When I was a child, I used to keep shoeboxes full of things under my bed. So much so, my mum wouldn’t let me keep shoeboxes anymore. I was a military kid, moving a lot, and I liked to hold onto to all the sentimental things from my childhood, birthday cards, toys, knick-knacks. Anything that brought up memories or made me happy. I was reluctant to throw anything away, even clothes. And I’m not the only one. Lots of us form an emotional attachment to objects throughout our lives.
Why Do We Get Attached to Things?
Most children have a favourite toy. A blanket or soft animal that they take everywhere, sleep with and hate the thought of losing. I had a toy lamb, called lamby. And I lost him it was very sad. My sister had a rabbit.
These objects are sometimes referred to as ‘transitional objects’, as they held make the transition to independence. Children are less likely to form an emotional attachment to toys when their parents use ‘attachment parenting’ which often features co-sleeping. There was a study that found that children in Tokyo, where children often sleep in the same bed or bedroom as their parents, were less likely to form attachments than children in New York, where co-sleeping is more uncommon.
These objects represent a growing independence, so as we grow, they change. They are replaced by phones and cars; things that mean freedom and maturity. We begin to take pride in things like our homes and how we decorate it.
As we grow, our attachment to objects changes. Toys stop being so important, sentimental objects don’t conjure the same feelings that they used to. But some things always matter to us.
“For these treasures, and everything that he collected in his lovely house, were to be to him means of forgetfulness, modes by which he could escape, for a season, from the fear that seemed to him at times to be almost too great to be borne.” –
Essentialism is a psychological concept that stems from an Ancient Greek philosophy that theorizes that everything has an essence. Plato and Aristotle both agreed that every entity has a substance.
In psychology, particularly in developmental psychology, essentialism refers to the way our brains classifies and represents things. It is thought that children group things as if they do indeed have underlying essences; think of toys here, for example.
Psychologist Richard Passman did a study do see how children cope in medical procedures when their mothers weren’t there, but they had their blankets. He found that having a blanket was equally effective at soothing the child as having their mother was.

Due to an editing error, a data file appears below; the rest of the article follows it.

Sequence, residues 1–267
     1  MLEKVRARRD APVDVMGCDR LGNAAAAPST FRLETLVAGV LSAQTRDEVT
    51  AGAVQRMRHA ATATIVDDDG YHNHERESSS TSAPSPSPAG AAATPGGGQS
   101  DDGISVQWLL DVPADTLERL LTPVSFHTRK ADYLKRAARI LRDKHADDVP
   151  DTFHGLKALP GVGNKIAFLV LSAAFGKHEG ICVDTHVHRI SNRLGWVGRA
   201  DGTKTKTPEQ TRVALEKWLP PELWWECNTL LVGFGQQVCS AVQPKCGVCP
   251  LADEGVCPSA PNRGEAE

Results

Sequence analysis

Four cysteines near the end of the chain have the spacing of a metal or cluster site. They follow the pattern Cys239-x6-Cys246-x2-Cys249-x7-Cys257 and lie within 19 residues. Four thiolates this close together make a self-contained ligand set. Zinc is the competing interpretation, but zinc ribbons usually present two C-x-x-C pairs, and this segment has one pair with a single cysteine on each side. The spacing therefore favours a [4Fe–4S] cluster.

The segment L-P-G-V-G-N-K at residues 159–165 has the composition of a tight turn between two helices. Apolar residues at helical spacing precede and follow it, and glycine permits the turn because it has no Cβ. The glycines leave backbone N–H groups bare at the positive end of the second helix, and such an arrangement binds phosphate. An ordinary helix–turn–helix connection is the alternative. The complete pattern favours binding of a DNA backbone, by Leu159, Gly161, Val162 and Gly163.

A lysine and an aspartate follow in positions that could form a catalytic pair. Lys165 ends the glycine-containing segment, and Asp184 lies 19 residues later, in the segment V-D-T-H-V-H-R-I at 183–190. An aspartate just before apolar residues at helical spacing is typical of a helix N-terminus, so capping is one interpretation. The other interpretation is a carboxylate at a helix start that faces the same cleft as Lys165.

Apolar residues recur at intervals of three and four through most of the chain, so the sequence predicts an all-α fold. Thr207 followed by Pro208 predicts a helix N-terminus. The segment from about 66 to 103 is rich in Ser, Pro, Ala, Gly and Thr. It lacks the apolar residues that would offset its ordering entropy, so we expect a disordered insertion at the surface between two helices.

He suggests that this stems from positive association with the blanket. From feeding and rocking, the blankets “eventually come to stand for the mother, but its own positive characteristics, like softness and warmth, also enhance its desirability.” They help to reduce anxiety and overstimulation. Children develop an emotional attachment to the things that comfort and soothe them, and such strong positive associations makes it hard to part with things as we grow, even long after we stop needing the object.
When we associate objects with happy memories or feelings, it can be difficult to part with them. But this also extends to when objects have a material value too, such as phones, TV, car etc. We don’t want to get rid of them either.
But then we run the risk of never getting rid of anything.
How to let go of sentimental things
Often, time works best. As we grow up who we are and how we choose to represent ourselves changes, so we can part with things of the past. We lose our emotional attachment to objects, making them easier to get rid of. But sometimes, getting rid of keepsakes is still hard, even when the years have passed.
Channel your inner Marie Kondo and start rooting through the boxes.
- Get rid of the easy things. Once you’ve gotten into the swing of clearing things out and throwing them away, it might be easier to turn to the sentimental stuff afterwards.
- Ask yourself why you’re keeping it. Does it make you happy? Do you actually use/see it? An object can’t really make you that happy if you keep it in a box under your bed all the time.
- Give it to family or friends. This way you might still see it, and if you really, really, really want it back, you can.
- Get help. From a friend or your mum, get someone over to help you go through those keepsakes and ask you the hard questions or hold your hand as you clear everything out.
As I’ve grown up, I’ve slowly let go of all the things I held onto as a child. Things that stop seeming so important or so essential. I don’t have shoeboxes under my bed anymore, but I do keep some things. Letters and photographs, toys to maybe give to my own children one day. As emotions change, the things we attach them to change as well.
Clearing away past things can be hugely cathartic and there may be things in your life that have been holding you back as you cling to a different version of yourself. A cluttered home can cause more stress than you realise.
There is more to life than objects, and the memories will stay with you even if you do not keep the thing itself.
“If everything I possessed, vanished, suddenly,
I’d be sorry.
But I value things unpossessed.
The wind, and trees, and sky and kind thoughts, much more.” –